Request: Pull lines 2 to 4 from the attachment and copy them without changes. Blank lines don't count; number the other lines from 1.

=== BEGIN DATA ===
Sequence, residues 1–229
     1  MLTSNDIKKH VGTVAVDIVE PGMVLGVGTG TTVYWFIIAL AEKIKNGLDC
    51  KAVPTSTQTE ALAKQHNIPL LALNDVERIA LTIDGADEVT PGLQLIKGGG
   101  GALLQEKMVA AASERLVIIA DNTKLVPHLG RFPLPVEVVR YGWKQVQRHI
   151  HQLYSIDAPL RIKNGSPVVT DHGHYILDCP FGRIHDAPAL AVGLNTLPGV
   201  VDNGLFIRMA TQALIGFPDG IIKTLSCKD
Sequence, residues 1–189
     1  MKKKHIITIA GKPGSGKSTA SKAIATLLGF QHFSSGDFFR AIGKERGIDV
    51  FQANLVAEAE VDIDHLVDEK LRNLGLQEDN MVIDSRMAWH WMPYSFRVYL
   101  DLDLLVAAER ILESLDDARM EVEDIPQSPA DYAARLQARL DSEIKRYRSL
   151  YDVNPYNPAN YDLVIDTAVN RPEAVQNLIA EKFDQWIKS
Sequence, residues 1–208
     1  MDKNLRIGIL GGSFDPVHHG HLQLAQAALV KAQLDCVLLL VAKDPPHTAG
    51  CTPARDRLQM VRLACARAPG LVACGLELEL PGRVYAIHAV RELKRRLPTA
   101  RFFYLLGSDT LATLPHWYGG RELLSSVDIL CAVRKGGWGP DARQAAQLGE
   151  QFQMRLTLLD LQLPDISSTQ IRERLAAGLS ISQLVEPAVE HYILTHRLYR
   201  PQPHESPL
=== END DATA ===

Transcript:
     1  MLTSNDIKKH VGTVAVDIVE PGMVLGVGTG TTVYWFIIAL AEKIKNGLDC
    51  KAVPTSTQTE ALAKQHNIPL LALNDVERIA LTIDGADEVT PGLQLIKGGG
   101  GALLQEKMVA AASERLVIIA DNTKLVPHLG RFPLPVEVVR YGWKQVQRHI